1. If my prepaid card expires, do I lose my money?
If you have a prepaid debit card and the card expires while you still have money on it, you can request a replacement card to access the funds.
The funds on a gift card will be good for at least five years, even if the physical card expires at an earlier time. If your card expires and there are unspent funds on it that have not expired, the issuer may give you a replacement card or give you the money by another means, such as a check. Either way, they may not charge you a fee.
2. What is a prepaid card?
A prepaid card is a card that you use to access money you have loaded onto the card in advance.
There are different types of prepaid cards. With most cards, you can spend the money on the card for daily expenses or withdraw cash from an ATM. You can also choose to have your income directly deposited on most cards.
3. What is the difference between a prepaid card, a credit card, and a debit card?
Unlike a debit card, a prepaid card is not linked to a bank account. Generally, when you use a prepaid card, you are spending money that you have already loaded onto the card.
Prepaid cards vs. debit cards:
A prepaid card is very different from a bank account debit card. A bank account debit card is linked to your checking account. A prepaid card is not linked to a checking account. Instead, you are spending money you loaded onto the prepaid card in advance.
In most cases, you can’t spend more money than you have already loaded onto your prepaid card. Overspending can occur with a checking account for some types of uses, and with a bank account debit card if you have “opted in” to your bank’s overdraft program. This means that your bank may charge you a fee for covering the cost of a purchase or ATM withdrawal that exceeds what you have in your account. Your bank will also require you to repay the overdraft.
In addition, right now prepaid cards may have fewer consumer protections than debit cards, such as those that apply if the card is lost, stolen, or other unauthorized charges appear. The CFPB has issued a rule requiring all prepaid cards to offer these protections.
Prepaid cards vs. credit cards:
Prepaid cards are very different from credit cards. This can be confusing because both types of cards may have a card network logo like Visa, MasterCard, American Express, or Discover on them. When you use a credit card, you are borrowing money. Generally, when you use a prepaid card, you are spending money you loaded onto the card in advance
4. If my employer offers me a payroll card, do I have to accept it?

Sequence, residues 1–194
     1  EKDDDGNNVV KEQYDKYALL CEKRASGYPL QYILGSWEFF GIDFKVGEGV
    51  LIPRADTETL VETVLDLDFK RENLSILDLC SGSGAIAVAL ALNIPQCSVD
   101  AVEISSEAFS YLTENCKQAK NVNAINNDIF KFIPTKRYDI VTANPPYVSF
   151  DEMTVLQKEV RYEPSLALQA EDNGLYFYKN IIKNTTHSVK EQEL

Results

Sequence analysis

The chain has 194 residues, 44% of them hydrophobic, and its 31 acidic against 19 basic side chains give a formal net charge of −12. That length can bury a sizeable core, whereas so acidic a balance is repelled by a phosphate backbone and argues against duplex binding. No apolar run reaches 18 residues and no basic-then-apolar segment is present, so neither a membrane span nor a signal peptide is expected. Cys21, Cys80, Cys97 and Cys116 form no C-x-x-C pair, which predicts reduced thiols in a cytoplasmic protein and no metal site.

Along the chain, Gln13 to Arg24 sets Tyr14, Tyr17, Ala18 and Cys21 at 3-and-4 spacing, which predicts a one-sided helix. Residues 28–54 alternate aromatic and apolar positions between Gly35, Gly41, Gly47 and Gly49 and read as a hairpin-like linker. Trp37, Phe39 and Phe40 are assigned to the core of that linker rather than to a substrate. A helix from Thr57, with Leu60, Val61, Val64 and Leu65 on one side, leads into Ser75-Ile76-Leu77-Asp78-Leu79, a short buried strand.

No. Your employer can’t require you to receive your wages on a payroll card. Your employer has to offer you at least one alternative.
Some employers will give you a choice between direct deposit to a payroll card, direct deposit into your bank account, or a paper check. Others may only give you a choice between the direct deposit to your own bank account or a prepaid card you choose, or a payroll card. Depending on the state you are in, your state’s laws say what choices your employer has to offer to you, or your state law might require that your employer get your written consent before paying you with a payroll card.
Your employer or the card issuer must provide you with the card’s terms and conditions. Before you agree to receive your wages on a payroll card, make sure you understand the card’s terms and fees. For example, some cards charge fees for ATM withdrawals, receiving paper statements, checking your account balance at an ATM, or using live customer service. Some cards charge fees every time you make a purchase, or charge an “inactivity fee” for not using your card.
5. Is the money on my prepaid card FDIC-insured?
Whether the money on your prepaid card is insured by the FDIC in the event of a failure of the bank that holds your card funds depends on how the card program is set up.
For individual bank accounts, if your bank goes out of business, the government guarantees you will get back up to $250,000 of the money in your individual bank account through FDIC insurance. There is similar insurance coverage for credit union accounts (called NCUA or NCUSIF insurance).
Funds loaded onto prepaid cards are typically held in pooled (not individual) accounts at banks or credit unions. Pooled accounts may qualify for FDIC or NCUA pass-through insurance if they meet certain requirements. Among other things, in order for your funds to be insured, the bank must have information that identifies you on file. Your cardholder agreement may indicate whether your card is eligible for pass-through insurance.
6. Are there any fees to use a payroll card?
Your employer makes the arrangements with the financial institution for the terms of the payroll card, including any fees that may be charged to you. Some employers arrange for payroll cards that do not charge you a monthly fee, but there may be other fees associated with using the card, so read the terms and conditions provided to you before you sign up.
In some states, you can’t be charged a fee to get your pay, which means that you won’t be charged a monthly fee to have a payroll card or for the first withdrawal per pay period, which can include all of your pay.
7. What is a health savings account card?
Your employer may offer a flexible spending account (FSA) or a health savings account (HSA) that lets you set aside money from your paycheck to go to a special account to pay for eligible medical expenses. The accounts may be linked to a prepaid card, and the rules on what type of spending is allowed for these accounts also apply to the use of the card.